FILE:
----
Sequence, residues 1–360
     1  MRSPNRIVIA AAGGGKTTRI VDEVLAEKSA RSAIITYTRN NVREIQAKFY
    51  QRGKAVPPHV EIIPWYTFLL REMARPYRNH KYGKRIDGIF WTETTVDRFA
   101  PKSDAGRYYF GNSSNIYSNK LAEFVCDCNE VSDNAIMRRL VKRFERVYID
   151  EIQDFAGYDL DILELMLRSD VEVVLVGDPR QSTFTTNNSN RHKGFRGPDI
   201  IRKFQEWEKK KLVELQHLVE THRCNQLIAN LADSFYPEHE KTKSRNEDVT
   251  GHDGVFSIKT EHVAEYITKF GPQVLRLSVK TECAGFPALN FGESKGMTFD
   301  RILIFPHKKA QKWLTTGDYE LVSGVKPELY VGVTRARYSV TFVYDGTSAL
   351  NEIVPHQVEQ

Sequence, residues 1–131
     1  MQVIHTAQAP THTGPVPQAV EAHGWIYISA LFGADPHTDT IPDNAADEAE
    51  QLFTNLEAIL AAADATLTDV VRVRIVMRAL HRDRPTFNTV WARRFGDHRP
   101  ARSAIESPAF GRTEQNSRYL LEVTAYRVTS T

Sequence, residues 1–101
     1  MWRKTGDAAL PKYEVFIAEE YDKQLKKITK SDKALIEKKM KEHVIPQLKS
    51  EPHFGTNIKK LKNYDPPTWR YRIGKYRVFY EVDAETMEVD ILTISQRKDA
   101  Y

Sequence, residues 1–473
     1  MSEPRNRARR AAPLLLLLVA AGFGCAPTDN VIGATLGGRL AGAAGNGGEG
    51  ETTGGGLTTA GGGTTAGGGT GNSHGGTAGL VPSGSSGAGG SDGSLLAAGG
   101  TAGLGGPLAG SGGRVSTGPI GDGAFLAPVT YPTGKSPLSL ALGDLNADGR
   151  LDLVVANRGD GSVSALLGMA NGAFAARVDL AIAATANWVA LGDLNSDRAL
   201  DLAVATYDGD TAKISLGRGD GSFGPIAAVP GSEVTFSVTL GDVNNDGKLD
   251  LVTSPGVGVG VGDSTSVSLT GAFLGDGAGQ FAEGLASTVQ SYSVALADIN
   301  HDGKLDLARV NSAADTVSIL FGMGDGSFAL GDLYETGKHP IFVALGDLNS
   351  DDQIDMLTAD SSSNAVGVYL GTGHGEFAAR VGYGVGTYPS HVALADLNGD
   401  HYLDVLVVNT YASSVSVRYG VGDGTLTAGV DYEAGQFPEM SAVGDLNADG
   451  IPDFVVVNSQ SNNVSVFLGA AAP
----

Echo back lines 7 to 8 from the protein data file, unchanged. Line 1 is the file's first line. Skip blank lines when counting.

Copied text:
   251  GHDGVFSIKT EHVAEYITKF GPQVLRLSVK TECAGFPALN FGESKGMTFD
   301  RILIFPHKKA QKWLTTGDYE LVSGVKPELY VGVTRARYSV TFVYDGTSAL